"...The current combination of insurgency and popular revolt is not new for Syria and has been successfully repressed in the past. What the government could not expect this time was the fallout from the Arab Spring. But even as the Syrian regime faces mounting political, socioeconomic, military and international pressure, it also has specific strengths that can keep it afloat for a long time. For one, the sectarian nature of the ruling class, the armed forces and security services promises to prolong the confrontation. At the same time, the Syrian opposition is divided between relatively secular forces and Islamic fundamentalists, and between actors based at home and abroad.
So as long as the Syrian regime muddles through, it will do so primarily for internal reasons, not because of external support. If and when the regime disintegrates or transforms, it will be the result of a complex combination of weakening institutions, economic collapse, spiraling and increasingly extreme insurgent and counterinsurgent violence and, to some degree, external pressures.
Most external stakeholders, including the United States and Russia, and probably all remaining moderate constituencies within Syria, have a genuine interest in a middle-ground political solution and a more manageable political transition. None of the Geneva mediators are content with the current bloodshed, which has become increasingly intractable, or have any workable plan for dealing with the fallout that could result from the collapse of the present system.
This is why the Annan plan appeared to be an optimal option, not just for Russia but also for other key international players, including the United States. There might have been hopes in some quarters that the time window granted by Annan's plan would allow the situation inside Syria to evolve toward a more decisive outcome, including the possibility of a regime reshuffle. This could have produced more favorable conditions for conflict management without raising the controversial issue of external intervention. But any expectations for a palace coup have proved unrealistic. In particular, the core of the Syrian armed forces and security services is an inseparable part of a tightly integrated ruling caste and is likely to stand by the government until the very end. The fact that the latest round of talks on Syria was expanded to include a call for a national unity government — a demand shared by all participants — provides acknowledgement of this reality.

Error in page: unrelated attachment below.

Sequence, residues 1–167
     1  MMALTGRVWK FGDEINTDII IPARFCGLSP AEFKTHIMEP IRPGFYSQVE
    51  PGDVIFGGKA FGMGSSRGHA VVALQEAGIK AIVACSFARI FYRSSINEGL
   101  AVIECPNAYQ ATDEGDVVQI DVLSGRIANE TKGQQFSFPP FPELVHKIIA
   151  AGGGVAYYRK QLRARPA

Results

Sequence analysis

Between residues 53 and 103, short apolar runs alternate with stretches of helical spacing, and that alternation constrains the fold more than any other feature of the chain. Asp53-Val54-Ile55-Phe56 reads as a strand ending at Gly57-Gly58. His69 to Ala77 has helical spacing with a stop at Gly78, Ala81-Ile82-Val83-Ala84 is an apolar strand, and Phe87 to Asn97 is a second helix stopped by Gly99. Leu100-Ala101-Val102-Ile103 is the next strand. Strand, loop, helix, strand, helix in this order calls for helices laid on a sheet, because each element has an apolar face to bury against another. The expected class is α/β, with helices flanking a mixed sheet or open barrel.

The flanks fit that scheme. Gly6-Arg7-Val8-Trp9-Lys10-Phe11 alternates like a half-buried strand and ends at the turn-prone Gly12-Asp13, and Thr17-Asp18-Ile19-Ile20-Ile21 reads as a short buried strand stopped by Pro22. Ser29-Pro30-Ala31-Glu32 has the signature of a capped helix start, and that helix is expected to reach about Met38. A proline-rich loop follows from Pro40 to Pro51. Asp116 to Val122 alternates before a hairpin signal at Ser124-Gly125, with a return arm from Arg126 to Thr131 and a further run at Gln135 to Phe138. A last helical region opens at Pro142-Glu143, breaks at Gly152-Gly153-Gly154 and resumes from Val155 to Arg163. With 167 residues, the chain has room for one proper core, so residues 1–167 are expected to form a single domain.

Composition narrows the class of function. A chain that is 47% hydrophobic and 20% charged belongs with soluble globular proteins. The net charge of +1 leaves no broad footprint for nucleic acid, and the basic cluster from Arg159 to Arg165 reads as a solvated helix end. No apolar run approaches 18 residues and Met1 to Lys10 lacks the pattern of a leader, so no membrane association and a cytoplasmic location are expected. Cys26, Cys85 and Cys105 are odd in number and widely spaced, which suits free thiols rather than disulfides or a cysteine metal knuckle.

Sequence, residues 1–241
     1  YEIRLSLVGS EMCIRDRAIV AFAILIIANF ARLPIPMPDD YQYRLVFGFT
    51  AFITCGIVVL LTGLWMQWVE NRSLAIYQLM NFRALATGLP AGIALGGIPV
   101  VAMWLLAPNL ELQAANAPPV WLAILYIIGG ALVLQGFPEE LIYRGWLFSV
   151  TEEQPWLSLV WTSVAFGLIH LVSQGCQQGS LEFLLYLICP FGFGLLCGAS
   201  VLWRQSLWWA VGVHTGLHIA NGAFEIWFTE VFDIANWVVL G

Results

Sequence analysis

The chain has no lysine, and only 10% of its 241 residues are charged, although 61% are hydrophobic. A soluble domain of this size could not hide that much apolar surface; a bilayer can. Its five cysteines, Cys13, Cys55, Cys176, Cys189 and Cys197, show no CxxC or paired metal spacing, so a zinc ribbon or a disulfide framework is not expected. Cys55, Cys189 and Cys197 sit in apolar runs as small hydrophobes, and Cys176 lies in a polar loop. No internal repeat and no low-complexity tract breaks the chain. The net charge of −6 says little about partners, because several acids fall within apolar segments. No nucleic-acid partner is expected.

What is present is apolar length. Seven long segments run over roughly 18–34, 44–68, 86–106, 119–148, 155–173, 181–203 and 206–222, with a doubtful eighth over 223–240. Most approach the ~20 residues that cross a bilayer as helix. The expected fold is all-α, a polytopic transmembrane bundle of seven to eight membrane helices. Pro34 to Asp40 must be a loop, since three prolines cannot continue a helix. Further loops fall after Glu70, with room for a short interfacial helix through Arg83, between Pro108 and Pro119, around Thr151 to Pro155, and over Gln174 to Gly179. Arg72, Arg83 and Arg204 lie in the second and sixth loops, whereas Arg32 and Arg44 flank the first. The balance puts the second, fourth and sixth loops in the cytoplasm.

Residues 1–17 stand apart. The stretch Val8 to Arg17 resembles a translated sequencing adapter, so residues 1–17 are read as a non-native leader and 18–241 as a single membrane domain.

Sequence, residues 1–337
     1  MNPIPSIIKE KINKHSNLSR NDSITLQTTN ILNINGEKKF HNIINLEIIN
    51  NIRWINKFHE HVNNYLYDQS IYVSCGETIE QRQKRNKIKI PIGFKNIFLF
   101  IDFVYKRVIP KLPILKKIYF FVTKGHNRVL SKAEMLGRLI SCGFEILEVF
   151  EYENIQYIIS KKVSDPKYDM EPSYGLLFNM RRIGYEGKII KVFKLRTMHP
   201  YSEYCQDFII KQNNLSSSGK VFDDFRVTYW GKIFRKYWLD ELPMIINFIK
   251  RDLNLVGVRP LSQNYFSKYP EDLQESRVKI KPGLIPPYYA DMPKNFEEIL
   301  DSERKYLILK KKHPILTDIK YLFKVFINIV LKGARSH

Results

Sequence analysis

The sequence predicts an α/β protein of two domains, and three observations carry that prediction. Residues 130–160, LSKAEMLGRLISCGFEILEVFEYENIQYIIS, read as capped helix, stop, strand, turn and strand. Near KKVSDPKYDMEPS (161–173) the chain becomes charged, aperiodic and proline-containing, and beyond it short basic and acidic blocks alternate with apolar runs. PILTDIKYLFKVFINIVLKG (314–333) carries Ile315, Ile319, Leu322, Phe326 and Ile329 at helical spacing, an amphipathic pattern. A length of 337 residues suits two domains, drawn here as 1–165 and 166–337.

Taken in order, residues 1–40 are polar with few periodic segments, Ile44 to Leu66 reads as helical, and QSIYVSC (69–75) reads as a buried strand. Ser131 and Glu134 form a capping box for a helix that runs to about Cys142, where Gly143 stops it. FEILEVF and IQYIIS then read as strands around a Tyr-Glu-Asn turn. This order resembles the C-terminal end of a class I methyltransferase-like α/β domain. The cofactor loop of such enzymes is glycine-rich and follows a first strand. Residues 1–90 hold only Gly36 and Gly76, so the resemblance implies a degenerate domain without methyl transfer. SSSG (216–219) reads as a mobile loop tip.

The Geneva conference was inconclusive apart from suggesting a renewed cease-fire and broad guidelines for the "Syria-led" process to form a transitional government with the participation of the opposition "by mutual consent." International mediators still have two main options on the table. The first is to further emphasize the international community's united push for intra-Syrian dialogue on the formation of a coalition government and to search for coordinated ways to press and persuade both parties to negotiate while refraining from dictating the composition of that arrangement. This is the option presently supported by Russia. In a way, this strategy builds on the logic of the Annan plan: It buys more time in the hope that an internal shift in Syria's government or a change in the international context will allow for a solution that does not involve external military intervention.
The other option, favored by the United States and its Western and Gulf allies, is to try to dictate the revamp of the regime from the outside — but with few means to reinforce it. Also, in contrast to Libya, Syria's "smart authoritarianism" system is not completely conditioned on the personality of President Bashar Assad or even his clan but is run by a sectarian ruling caste. Sidelining or replacing Assad would be symbolically important, but it would not transform the ruling caste. Interestingly, this may imply that Assad, as a relatively weak figure, might at some point be spared even by his own caste on the condition that the ruling group is left largely intact. Hopes to gradually marginalize hard-liners in the ruling minoritarian group and in the ranks of the opposition ignore the fact that power and moderation do not go hand in hand in today's or tomorrow's Syria — with or without Assad."
Monday, July 2, 2012
Posted by G, M, Z, or B at 11:43 AM